Tai Chi for Better Balance Workshop!

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Date:  Saturday, June 25, 2016
Time: 4:00 – 5:30pm
Location: Tai Chi Association: 219 W. Colorado Ave.  Suite 310, Colorado Springs, CO.  Upstairs
Bring a note book to class, wear loose comfortable clothing. Healthy Refreshments included.
Tai Chi for Better Balance Workshop –  Price $50.00 [buy_now_button product_id=’7970′]


In this workshop we will cover:

  • What is Tai Chi and how can it improve my balance?
  • Correct Tai Chi posture and body alignment.
  • How to stand and move correctly.
  • How to apply Tai Chi movement to everyday tasks.
  • Finding and keeping your center of balance.
  • Easy to do movements to improve your balance.
  • Exercises to strengthen joints and tissues.

Who will benefit by attending this workshop? – Remember a better mind / body awareness leads to improved self-esteem and reduced social isolation.

  • Everyone is welcome, ages 13 to 90+.
  • Anyone in rehabilitation needing help to regain their balance.
  • Anyone experiencing balance problems due to aging, Diabetes, Parkinson’s, and stroke (just to name a few).
  • Doctors, nurses, physical and sports medicine therapists, acupuncturists, massage therapists, energy workers, and personal caretakers.

This workshop is taught by Sifu Michael Paler, 7th Generation Disciple of Wei Xilan Imperial Yang Family Tai Chi. – over 32 years experience in Chinese Martial Arts with a focus on Tai Chi and various Qigongs.

Important Facts about Falls

Each year, millions of older people—those 65 and older—fall. In fact, one out of three older people falls each year, but less than half tell their doctor. Falling once doubles your chances of falling again.

Falls Are Serious and Costly –  Information below courtesy of: Centers for Disease Control and Prevention                       Balance

  • One out of five falls causes a serious injury such as broken bones or a head injury.
  • Each year, 2.5 million older people are treated in emergency departments for fall injuries.
  • Over 700,000 patients a year are hospitalized because of a fall injury, most often because of a head injury or hip fracture.
  • Each year at least 250,000 older people are hospitalized for hip fractures.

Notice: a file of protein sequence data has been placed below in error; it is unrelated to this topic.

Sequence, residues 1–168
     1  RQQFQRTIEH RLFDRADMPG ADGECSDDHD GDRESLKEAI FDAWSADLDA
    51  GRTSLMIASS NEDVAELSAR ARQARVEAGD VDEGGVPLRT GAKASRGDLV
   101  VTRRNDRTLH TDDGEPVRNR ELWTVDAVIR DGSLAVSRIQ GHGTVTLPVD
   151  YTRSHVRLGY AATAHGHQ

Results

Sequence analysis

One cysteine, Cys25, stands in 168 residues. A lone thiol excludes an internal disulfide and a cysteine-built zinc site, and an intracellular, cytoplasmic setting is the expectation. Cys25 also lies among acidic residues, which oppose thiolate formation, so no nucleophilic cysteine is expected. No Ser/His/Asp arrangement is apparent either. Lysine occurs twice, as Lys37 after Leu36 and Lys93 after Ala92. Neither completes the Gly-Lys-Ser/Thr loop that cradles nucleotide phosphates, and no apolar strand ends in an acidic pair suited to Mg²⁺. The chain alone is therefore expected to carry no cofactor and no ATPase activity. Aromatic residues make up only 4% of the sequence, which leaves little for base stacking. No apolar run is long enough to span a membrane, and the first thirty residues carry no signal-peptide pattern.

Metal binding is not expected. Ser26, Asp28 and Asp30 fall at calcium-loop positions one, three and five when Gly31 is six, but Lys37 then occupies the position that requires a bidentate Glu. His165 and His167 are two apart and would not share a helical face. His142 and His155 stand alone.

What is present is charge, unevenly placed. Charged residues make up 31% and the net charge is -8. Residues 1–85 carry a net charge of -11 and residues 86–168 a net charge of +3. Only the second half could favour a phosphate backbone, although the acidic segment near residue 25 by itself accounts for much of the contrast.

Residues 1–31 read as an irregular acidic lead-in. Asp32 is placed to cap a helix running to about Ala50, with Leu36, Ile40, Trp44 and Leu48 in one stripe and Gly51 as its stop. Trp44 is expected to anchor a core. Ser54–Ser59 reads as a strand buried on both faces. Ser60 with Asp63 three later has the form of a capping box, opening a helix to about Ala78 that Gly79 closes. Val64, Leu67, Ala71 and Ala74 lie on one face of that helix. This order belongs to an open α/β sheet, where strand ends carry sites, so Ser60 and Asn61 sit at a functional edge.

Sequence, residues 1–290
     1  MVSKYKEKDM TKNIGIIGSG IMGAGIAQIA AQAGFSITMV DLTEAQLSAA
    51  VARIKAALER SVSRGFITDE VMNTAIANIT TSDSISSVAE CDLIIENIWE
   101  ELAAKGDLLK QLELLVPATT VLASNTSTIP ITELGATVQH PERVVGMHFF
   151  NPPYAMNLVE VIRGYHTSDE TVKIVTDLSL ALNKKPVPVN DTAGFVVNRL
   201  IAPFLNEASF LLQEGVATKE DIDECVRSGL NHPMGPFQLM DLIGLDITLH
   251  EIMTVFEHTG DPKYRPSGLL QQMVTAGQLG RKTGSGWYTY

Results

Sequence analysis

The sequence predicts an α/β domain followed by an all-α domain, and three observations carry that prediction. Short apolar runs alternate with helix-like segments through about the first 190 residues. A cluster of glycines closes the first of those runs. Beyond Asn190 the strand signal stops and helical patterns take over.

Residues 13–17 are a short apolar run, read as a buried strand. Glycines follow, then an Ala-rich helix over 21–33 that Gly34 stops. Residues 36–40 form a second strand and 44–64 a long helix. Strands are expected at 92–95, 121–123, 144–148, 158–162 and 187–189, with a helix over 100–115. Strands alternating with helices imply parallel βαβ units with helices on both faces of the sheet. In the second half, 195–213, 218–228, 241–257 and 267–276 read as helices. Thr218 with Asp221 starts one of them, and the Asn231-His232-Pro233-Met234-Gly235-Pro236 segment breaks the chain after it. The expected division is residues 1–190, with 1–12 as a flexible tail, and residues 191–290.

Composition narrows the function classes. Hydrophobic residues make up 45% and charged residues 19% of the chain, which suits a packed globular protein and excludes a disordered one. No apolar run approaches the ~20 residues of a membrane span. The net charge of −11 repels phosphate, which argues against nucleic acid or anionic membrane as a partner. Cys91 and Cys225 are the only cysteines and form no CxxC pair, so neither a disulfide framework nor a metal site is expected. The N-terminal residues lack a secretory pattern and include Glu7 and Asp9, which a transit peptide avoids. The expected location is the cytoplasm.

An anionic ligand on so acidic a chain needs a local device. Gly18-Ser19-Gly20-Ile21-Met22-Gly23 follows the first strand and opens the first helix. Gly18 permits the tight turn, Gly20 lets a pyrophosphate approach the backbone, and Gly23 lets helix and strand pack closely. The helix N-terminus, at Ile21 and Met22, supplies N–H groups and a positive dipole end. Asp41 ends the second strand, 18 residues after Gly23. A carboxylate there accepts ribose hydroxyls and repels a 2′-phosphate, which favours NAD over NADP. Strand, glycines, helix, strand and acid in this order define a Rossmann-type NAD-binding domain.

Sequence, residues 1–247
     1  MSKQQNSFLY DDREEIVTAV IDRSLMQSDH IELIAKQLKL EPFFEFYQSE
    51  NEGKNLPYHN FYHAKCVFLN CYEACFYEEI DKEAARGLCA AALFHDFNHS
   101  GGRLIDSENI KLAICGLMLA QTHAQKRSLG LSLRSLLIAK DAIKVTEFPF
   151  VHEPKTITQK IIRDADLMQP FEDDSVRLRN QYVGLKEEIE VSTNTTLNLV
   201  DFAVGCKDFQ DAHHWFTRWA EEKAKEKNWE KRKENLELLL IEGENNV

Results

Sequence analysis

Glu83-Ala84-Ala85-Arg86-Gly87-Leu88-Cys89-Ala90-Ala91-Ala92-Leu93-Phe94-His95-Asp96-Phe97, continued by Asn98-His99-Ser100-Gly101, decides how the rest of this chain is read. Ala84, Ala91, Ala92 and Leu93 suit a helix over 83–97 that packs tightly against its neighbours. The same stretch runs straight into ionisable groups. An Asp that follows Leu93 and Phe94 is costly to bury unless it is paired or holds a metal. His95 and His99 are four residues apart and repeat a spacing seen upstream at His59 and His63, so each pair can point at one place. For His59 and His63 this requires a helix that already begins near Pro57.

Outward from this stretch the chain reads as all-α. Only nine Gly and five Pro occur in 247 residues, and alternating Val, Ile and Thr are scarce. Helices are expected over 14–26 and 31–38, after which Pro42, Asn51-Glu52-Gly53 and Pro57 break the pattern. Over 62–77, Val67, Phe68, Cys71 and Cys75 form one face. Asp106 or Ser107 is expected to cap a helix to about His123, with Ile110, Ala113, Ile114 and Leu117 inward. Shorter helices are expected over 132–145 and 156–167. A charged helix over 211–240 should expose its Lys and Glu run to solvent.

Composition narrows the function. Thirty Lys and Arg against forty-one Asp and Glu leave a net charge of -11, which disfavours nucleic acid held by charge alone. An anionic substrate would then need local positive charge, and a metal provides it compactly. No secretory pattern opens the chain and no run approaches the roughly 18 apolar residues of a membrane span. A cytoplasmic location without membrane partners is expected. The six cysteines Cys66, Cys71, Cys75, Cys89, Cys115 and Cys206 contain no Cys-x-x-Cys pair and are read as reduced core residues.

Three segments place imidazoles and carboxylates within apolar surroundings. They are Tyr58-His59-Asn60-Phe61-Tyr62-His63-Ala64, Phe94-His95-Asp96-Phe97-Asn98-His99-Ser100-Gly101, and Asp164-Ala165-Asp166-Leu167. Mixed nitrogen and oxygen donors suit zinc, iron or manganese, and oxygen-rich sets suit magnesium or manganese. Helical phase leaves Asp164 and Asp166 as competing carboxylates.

• More than 95% of hip fractures are caused by falling, usually by falling sideways.
  • Falls are the most common cause of traumatic brain injuries (TBI).
  • Adjusted for inflation, the direct medical costs for fall injuries are $34 billion annually.  Hospital costs account for two-thirds of the total.

No pain equals big gains…

According to Harvard Health Publications, Harvard Medical School

Although Tai Chi is slow and gentle and doesn’t leave you breathless, it addresses the key components of fitness — muscle strength, flexibility, balance, and, to a lesser degree, aerobic conditioning. Here’s some of the evidence:

Muscle strength – Tai Chi can improve both lower-body strength and upper-body strength. When practiced regularly, Tai Chi can be comparable to resistance training and brisk walking.

“Although you aren’t working with weights or resistance bands, the unsupported arm exercise involved in Tai Chi strengthens your upper body,” says internist Dr. Gloria Yeh, an assistant professor at Harvard Medical School. “Tai Chi strengthens both the lower and upper extremities and also the core muscles of the back and abdomen.”

Flexibility – Tai Chi can boost upper- and lower-body flexibility as well as strength.

Balance – Tai Chi improves balance and, according to some studies, reduces falls. Proprioception — the ability to sense the position of one’s body in space — declines with age. Tai Chi helps train this sense, which is a function of sensory neurons in the inner ear and stretch receptors in the muscles and ligaments. Tai Chi also improves muscle strength and flexibility, which makes it easier to recover from a stumble. Fear of falling can make you more likely to fall; some studies have found that tai chi training helps reduce that fear. 

– Harvard Medical School, the CDC and the Mayo Clinic Endorse Tai Chi for Balance Issues

Video Published on Apr 26, 2013 – Lectures from Helene Langevin, MD, Peter Wayne, PhD, and Gloria Yeh, MD, MPH.

Check out these articles written about the benefits of Tai Chi & Seniors

Check with your doctor – If you have a limiting or medical condition — or if you take medications that can or do make you dizzy or lightheaded — check with your doctor before starting Tai Chi or any exercise program. Given its excellent safety record, chances are that you’ll be encouraged to try it.

This general information is not intended to diagnose any medical condition or to replace your healthcare professional.